Shopping for Bad Manners at the Wal-Mart
Everywhere we look political correctness has invaded our lives. It looks like a duck, it walks like a duck, and quacks like a duck, but we do not dare call it a duck for fear of offending someone. It would stand to reason that this prevalent fear of offending someone would translate to an overabundance of good manners. This is not the case at all, as bad manners seem to run amok in our society. We only need to venture to a nearby Wal-Mart, where, beginning with the parking lot, venturing through the shopping aisles, and ending with the check-out, we are assaulted with a wide variety of bad manners.
Upon entering the parking lot of a Wal-Mart an air of bad mannerisms is felt immediately. The drivers, in their rush, will nearly flatten women and small children as they exit the store. In retaliation, the customers walk straight down the middle of the parking aisle, often two or three abreast, on the way to their cars. Often times, cell phones are involved as drivers and pedestrians are holding conversations or text messaging with no concern or acknowledgement of other human beings around them. As retaliation to retaliation, directed in the wrong direction, people will park their cars and walk up the middle of the parking aisle, two or three abreast, eliminating the ability of other vehicles to travel up or down the aisle.
After a fifteen to twenty minute battle in the parking lot, we finally make it inside the store to find more bad manners on display. People will usually stand with their carts directly in front of the items we are looking for. This is usually a result of a cell phone conversation or a conversation with another customer, while we stand patiently waiting for countless minutes until they finally acknowledge our existence and reluctantly move out of the way. This is usually followed by sighs of disgust as they display their anguish for the inconvenience we have wrought upon them. Much like the parking lot aisles, jockeying for position in the shopping aisles is met with the same resistance. If by accident an arm is brushed or a shopping cart bumped, followed by an "excuse me" or "I am sorry", we can sometimes expect a further exhibition of bad manners. I am too much of a gentleman to write what is often times hurled back in response.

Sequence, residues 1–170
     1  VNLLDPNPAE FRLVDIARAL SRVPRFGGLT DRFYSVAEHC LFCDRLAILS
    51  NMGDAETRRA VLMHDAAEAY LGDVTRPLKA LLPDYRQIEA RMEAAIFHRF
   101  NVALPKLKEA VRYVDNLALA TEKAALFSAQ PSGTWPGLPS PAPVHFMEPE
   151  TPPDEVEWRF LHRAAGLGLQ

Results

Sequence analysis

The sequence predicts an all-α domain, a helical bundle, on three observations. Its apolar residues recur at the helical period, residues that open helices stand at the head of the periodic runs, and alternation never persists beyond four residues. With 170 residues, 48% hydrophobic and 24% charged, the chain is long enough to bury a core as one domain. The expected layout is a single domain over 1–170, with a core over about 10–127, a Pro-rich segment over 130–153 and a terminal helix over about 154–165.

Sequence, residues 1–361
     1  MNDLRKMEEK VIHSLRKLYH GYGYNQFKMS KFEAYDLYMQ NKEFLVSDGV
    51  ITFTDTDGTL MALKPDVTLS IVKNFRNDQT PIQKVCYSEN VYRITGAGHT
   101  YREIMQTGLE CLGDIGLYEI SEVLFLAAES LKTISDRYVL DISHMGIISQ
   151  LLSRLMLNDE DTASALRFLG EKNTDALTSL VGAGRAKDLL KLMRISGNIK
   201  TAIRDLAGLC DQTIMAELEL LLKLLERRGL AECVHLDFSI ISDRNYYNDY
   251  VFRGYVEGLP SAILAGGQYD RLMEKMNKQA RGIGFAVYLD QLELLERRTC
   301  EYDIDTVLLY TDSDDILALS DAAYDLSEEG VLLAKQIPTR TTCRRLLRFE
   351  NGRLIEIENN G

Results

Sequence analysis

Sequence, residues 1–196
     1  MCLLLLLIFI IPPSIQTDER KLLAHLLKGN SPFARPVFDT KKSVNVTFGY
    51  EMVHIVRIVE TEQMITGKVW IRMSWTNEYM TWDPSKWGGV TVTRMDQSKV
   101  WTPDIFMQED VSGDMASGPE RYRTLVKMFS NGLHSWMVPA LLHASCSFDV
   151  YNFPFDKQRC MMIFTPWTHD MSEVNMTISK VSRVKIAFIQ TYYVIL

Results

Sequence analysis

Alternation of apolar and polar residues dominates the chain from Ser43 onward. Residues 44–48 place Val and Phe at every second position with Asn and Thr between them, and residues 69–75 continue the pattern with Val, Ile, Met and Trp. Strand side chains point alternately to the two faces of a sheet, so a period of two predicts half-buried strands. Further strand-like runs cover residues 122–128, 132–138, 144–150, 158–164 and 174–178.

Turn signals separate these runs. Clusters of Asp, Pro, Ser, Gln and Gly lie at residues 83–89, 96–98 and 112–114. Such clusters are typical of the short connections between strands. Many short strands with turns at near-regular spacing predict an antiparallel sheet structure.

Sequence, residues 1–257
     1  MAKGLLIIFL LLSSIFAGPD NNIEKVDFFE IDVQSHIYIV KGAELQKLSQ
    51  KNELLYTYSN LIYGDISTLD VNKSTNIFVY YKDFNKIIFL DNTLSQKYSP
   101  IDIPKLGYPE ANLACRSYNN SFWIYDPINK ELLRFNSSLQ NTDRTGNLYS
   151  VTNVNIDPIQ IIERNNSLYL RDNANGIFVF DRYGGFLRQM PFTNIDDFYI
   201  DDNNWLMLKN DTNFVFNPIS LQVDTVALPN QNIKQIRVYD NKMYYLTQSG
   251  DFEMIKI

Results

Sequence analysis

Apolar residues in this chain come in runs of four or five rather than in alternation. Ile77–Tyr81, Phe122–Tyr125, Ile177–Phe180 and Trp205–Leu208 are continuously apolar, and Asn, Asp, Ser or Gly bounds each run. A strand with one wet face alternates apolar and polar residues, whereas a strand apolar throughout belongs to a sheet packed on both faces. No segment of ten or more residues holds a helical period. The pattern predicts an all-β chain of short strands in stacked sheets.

Adding insult to injury, we end our adventure at the check-out line, where once again, the cashiers show us a variety of bad manners. The "have a nice day" buttons and tags on the cashier’s shirts offer an excuse from exhibiting any more good manners. The cashier is often times a younger person who puts on an air of "I would rather be somewhere else than here". Many times they will be smacking their gum and have an Ipod earphone in their ear. Too many times it seems there is no recognizing that they are dealing with a person and the process of ringing someone’s items up is the equivalent of a jet on auto-pilot. If there is any indication of human interaction, it is usually the conversation between two cashiers. One gets the impression they may as well be an insect.
Like political correctness, good manners seem to apply only to other people. We only point this discrepancy out on other people and are not concerned with holding ourselves accountable. Bad manners have become the rule and not the exception in a short time. I can think of other places this is displayed but traveling to Wal-Mart numerous times a week, the display becomes more apparent. Other places do not offer, however, the variety of bad manners displayed at a Wal-Mart. At a Wal-Mart we get to see it all; from the time we get to the parking lot, shop up and down the aisles, and as we finish up at the check-out line.